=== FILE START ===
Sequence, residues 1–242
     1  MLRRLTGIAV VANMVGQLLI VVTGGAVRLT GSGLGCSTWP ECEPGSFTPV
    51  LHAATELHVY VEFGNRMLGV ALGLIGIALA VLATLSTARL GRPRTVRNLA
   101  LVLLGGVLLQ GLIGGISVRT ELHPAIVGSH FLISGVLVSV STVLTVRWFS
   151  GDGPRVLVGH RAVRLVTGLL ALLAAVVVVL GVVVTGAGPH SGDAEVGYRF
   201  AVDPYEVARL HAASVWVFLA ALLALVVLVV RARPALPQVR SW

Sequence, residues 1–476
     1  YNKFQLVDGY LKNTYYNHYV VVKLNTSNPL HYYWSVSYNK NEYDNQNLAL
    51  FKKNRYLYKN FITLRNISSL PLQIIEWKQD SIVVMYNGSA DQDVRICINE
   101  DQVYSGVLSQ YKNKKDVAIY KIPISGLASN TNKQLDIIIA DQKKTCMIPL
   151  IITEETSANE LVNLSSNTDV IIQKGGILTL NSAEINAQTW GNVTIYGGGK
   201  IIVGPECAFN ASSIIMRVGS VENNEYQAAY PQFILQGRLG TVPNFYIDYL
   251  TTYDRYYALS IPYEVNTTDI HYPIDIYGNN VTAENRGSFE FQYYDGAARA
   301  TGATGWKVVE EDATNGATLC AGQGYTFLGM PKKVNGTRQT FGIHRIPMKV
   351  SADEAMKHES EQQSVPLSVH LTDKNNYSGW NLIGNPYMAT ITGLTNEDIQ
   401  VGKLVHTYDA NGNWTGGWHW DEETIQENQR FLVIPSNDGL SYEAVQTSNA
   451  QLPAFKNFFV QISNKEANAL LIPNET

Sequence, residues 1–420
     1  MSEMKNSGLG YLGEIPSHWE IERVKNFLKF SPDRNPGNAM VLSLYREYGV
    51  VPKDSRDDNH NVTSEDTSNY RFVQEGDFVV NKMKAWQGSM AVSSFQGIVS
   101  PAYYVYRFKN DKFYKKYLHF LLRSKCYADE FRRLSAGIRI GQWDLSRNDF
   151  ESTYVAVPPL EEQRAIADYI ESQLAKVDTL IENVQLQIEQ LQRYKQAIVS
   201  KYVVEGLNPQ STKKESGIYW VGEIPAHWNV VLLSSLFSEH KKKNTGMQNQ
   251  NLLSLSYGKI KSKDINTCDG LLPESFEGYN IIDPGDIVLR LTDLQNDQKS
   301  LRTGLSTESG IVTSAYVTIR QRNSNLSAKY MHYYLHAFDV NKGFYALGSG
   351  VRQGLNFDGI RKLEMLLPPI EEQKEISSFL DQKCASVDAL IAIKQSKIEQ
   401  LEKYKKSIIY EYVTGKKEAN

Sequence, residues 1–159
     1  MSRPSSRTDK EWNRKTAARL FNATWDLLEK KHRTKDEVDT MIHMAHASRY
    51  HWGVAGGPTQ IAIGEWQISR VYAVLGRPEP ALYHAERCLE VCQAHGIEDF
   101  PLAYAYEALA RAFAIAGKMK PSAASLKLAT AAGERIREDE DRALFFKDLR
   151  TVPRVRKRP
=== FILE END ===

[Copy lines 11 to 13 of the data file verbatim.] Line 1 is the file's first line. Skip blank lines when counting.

   151  IITEETSANE LVNLSSNTDV IIQKGGILTL NSAEINAQTW GNVTIYGGGK
   201  IIVGPECAFN ASSIIMRVGS VENNEYQAAY PQFILQGRLG TVPNFYIDYL
   251  TTYDRYYALS IPYEVNTTDI HYPIDIYGNN VTAENRGSFE FQYYDGAARA